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Discussion Starter #1 (Edited)
Okay I watched some videos on youtube and read some stuff somewhere on the forums here about flushing the tranny fluid but I have some questions on it.

Instead of running the vehicle and letting the pump push out the old fluid couldn't I pump fresh fluid in from one end and let the old stuff drain from the other? Or it simply does not work that way and I have to run it to get all the old fluid out?

Trying to do this safely as possible.

Any help would be welcomed

Thanks.


EDIT: i'm trying to do what this guy does in this video but without starting the car, I should just be able to manually pump the old stuff out and the new in. https://www.youtube.com/watch?v=MsdPAadc9fY Would it be safer on the tranny to just unplug ignition and just crank the engine over until it all comes out?
 

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I didn't watch the video, but my general Mechanic gut experience tells me that you won't be able to pull an adequate suction through an idle trans oil pump to flow fluid at any decent rate, if at all. That or pull any fluid from the far reaches of the trans (torque converter) limiting the effectiveness of this style of oil change attempt. :(

Specifically outfitted and trained Transmission Shop personnel can do a "Power Flush", but I am not sure as to the elaborate extent of the equipment nor procedure they use. And FWIW, there are mixed reviews as to the effectiveness of power flushing, as in some circles there are thoughts that flushing displaces normally benign wear deposits out of safe hiding and into tight tolerance component areas and can actually CLOG an otherwise still serviceable filter.

Personally, I recommend dumping what is in the pan, refill / run the vehicle to circulate / mix the new fluid, and repeat the process at least one more time to sweeten the majority of the full oil charge, a few quarts at a time. It's certainly a safe way.

Also, Suzuki doesn't use the conventional oil pan filter that you way be use to routinely changing as on other vehicles, but rather a "screen" that per Service Manual recommendation, is replaced only at trans overhaul.

A side note: IF you are experiencing PROBLEMS with the trans such as lurching, slipping, poor shifts, burnt fluid as observed on the dip-stick or other maladies, then all bets are off, and you would need to consider additional repair options should a simple change not correct these issues.
 

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Okay I watched some videos on youtube and read some stuff somewhere on the forums here about flushing the tranny fluid but I have some questions on it.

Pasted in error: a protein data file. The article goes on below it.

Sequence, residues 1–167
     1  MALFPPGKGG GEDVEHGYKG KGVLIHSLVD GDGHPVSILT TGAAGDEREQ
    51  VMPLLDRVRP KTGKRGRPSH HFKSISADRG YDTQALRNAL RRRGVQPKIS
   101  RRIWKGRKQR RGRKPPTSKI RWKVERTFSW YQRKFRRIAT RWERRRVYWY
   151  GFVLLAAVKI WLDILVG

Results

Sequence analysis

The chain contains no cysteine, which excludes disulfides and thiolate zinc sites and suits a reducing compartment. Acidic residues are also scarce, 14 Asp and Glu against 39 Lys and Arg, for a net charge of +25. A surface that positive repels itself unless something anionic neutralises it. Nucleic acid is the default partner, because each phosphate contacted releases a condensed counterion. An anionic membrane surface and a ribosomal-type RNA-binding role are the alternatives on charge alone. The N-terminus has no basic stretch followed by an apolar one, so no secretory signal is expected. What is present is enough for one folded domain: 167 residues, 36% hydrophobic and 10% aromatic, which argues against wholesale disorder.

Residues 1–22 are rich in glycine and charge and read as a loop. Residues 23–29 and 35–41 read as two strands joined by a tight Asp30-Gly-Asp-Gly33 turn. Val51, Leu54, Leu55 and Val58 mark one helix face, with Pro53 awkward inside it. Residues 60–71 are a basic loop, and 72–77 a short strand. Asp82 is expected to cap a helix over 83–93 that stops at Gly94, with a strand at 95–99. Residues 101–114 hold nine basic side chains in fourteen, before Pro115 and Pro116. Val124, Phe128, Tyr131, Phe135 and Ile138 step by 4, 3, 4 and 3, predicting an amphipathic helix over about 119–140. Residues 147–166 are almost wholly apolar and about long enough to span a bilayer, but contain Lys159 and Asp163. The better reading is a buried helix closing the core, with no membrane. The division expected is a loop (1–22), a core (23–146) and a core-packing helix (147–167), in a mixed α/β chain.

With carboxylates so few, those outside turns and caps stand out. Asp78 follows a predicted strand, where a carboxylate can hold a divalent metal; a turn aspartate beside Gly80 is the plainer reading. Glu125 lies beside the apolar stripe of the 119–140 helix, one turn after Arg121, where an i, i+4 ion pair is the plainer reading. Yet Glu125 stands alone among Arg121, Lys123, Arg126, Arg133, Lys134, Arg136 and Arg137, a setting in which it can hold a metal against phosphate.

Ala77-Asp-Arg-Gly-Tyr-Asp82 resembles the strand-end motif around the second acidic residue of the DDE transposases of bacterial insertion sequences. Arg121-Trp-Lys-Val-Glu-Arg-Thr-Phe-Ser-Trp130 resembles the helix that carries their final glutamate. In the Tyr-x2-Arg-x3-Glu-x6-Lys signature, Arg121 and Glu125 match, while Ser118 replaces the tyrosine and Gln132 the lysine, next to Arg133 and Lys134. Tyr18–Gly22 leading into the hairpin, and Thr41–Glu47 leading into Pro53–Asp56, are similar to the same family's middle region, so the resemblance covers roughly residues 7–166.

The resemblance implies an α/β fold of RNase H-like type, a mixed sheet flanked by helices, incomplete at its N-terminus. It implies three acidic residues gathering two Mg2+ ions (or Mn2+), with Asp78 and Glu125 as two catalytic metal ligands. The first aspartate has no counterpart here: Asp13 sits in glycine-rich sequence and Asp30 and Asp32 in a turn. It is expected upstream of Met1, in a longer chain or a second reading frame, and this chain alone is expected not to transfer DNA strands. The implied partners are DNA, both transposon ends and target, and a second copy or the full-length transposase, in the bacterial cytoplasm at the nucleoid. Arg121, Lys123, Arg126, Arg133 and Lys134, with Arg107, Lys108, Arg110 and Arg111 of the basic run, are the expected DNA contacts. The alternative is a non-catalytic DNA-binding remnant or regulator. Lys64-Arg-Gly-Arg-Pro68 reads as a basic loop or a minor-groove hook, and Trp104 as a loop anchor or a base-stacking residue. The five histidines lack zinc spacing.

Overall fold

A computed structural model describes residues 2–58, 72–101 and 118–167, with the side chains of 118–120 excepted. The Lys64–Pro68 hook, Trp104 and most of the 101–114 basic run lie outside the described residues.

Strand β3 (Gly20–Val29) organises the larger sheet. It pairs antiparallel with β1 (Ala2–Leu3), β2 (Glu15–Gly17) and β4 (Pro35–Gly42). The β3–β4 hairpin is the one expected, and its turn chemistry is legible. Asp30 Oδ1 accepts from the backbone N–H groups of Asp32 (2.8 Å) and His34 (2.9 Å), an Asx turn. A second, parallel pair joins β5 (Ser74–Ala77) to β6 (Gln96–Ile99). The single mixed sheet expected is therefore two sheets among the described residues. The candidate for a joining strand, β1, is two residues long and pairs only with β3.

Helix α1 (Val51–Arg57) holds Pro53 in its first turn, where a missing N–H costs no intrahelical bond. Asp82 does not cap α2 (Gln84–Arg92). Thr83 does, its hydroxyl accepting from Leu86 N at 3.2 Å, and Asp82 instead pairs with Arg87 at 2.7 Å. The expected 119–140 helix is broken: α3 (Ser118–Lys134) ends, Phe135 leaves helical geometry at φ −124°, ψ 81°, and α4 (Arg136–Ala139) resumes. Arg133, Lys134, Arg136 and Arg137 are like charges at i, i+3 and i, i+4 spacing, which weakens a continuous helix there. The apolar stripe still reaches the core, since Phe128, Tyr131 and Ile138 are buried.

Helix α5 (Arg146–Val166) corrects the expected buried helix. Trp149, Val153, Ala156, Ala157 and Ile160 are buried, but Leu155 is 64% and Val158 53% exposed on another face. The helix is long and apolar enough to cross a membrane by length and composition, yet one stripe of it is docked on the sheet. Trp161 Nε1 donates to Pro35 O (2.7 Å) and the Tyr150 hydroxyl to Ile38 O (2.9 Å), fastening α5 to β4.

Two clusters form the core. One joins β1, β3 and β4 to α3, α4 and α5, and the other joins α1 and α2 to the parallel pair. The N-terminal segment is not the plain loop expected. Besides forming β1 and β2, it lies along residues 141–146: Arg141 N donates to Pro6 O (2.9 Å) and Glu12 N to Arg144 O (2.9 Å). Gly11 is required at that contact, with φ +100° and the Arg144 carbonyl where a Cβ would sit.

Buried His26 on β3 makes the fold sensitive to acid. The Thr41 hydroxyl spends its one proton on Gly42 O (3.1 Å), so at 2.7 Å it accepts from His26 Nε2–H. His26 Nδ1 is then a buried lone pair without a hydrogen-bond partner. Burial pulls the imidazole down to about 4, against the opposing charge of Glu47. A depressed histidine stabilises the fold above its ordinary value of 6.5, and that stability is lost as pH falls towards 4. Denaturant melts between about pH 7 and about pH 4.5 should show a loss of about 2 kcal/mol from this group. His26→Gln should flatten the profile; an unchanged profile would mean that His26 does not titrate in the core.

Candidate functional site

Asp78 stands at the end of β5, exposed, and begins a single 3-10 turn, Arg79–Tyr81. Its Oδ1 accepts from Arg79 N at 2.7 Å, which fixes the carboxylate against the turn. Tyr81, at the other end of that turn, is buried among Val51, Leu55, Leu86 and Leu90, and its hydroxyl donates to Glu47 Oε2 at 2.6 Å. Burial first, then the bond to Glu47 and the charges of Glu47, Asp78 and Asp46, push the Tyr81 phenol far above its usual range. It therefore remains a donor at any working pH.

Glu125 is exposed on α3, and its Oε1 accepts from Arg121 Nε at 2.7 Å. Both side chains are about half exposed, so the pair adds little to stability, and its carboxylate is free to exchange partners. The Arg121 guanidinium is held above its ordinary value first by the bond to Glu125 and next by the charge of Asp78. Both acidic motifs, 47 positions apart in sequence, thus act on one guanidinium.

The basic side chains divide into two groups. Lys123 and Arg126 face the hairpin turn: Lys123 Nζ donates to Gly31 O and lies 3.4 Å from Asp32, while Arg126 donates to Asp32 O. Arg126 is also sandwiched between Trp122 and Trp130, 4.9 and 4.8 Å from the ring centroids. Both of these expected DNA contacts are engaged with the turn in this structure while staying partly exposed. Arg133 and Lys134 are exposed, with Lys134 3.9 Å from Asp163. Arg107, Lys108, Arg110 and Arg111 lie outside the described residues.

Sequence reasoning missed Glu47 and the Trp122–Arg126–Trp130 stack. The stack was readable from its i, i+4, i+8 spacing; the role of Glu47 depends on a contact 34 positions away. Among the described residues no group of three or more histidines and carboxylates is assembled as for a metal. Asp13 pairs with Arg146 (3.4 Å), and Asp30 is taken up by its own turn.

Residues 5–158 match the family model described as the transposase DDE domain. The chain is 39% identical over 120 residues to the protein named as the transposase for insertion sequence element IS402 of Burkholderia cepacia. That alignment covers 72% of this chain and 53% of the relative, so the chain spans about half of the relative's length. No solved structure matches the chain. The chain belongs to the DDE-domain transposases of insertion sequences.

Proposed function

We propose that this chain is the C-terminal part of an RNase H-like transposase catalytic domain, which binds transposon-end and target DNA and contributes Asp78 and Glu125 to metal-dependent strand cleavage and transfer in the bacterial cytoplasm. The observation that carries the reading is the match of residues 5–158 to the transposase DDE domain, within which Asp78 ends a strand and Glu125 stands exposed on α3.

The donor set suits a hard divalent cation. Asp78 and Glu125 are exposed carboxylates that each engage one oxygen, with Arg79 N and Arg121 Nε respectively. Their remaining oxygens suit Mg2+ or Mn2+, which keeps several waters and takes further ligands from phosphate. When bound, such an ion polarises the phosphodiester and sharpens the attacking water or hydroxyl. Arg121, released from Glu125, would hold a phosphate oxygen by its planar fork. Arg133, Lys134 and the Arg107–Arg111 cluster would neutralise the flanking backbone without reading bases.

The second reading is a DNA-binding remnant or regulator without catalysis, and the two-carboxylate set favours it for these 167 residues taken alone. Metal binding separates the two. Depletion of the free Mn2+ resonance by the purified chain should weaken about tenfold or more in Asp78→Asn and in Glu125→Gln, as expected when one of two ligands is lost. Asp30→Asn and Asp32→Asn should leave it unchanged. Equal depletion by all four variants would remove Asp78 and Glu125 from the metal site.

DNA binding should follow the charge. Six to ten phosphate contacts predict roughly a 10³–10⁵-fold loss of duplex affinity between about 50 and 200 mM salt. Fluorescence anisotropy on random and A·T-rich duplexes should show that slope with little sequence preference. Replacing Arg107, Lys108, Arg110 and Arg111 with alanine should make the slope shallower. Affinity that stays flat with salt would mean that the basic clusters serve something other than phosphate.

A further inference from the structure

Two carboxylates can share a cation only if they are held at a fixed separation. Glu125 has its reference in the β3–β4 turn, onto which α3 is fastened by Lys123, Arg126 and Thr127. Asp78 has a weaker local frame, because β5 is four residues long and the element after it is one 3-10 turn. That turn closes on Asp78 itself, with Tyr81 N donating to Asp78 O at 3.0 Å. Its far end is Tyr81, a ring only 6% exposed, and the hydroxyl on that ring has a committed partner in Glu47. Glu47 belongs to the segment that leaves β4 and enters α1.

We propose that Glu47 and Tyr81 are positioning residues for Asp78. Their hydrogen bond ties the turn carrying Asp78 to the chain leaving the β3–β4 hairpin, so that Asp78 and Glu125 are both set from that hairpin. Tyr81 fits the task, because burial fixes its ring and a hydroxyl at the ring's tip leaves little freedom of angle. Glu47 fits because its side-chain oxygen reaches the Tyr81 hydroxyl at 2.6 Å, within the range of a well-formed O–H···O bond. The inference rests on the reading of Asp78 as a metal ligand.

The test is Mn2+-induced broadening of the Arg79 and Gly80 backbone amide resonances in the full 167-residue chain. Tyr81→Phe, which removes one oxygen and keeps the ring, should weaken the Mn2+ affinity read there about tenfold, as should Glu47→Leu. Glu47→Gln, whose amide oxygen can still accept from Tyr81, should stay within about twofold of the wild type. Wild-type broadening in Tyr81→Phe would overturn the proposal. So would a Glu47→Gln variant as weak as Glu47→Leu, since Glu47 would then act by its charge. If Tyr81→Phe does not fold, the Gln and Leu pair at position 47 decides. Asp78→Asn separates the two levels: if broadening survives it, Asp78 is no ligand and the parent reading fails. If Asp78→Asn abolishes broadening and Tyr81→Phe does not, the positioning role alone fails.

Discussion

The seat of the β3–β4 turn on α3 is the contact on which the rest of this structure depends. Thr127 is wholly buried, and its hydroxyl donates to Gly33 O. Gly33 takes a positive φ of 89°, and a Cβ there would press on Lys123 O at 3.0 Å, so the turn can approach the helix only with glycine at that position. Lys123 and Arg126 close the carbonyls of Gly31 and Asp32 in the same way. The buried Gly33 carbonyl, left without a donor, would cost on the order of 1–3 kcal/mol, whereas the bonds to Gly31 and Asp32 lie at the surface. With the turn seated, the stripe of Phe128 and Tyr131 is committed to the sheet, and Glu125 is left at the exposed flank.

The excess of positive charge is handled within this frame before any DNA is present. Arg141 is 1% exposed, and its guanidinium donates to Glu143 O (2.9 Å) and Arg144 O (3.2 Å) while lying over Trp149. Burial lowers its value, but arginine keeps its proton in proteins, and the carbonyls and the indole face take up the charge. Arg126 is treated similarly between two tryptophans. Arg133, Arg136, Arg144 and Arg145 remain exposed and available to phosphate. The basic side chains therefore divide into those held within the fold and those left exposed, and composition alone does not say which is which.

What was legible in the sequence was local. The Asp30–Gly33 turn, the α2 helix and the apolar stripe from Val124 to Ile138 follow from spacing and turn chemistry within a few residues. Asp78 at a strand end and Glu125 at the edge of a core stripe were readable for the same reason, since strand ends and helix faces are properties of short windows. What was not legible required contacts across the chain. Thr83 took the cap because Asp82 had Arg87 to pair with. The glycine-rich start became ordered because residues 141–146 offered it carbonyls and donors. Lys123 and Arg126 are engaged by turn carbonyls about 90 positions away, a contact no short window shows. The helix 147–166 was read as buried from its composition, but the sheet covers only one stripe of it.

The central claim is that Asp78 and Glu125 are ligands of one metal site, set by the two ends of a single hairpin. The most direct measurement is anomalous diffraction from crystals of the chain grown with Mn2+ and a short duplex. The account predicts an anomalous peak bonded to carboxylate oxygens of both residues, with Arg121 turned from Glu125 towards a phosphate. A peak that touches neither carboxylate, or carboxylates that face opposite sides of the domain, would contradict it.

Instead of running the vehicle and letting the pump push out the old fluid couldn't I pump fresh fluid in from one end and let the old stuff drain from the other? Or it simply does not work that way and I have to run it to get all the old fluid out?

Trying to do this safely as possible.

Any help would be welcomed

Thanks.


EDIT: i'm trying to do what this guy does in this video but without starting the car, I should just be able to manually pump the old stuff out and the new in. https://www.youtube.com/watch?v=MsdPAadc9fY Would it be safer on the tranny to just unplug ignition and just crank the engine over until it all comes out?

As Max stated the best bet would be to drop the pan clean reinstall and torque pan bolts. Run for 2-4 weeks pull drain plug on pan drain and refill.
 

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Discussion Starter #4
Okay I will not bother with the filter then, unless it's right at the bottom where the pan comes off. And I don't have enough money to take it to the shop so one of those methods will work.

Thanks
 

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Check the pan. If like my earlier '99 model, there is a bottom pan plug to facilitate draining.

If you DO want to remove the pan, look closely as in my model the rear cross-member needs to also be removed for pan dropping access, as I believe yours will as well. Just more effort as opposed to the drain-add-run-repeat method. If 4WD, potentially more interference to work around too.
 

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I flushed a perfect working tranny once and after 3 months I had to pay 1600 to rebuild it...
Not a good idea.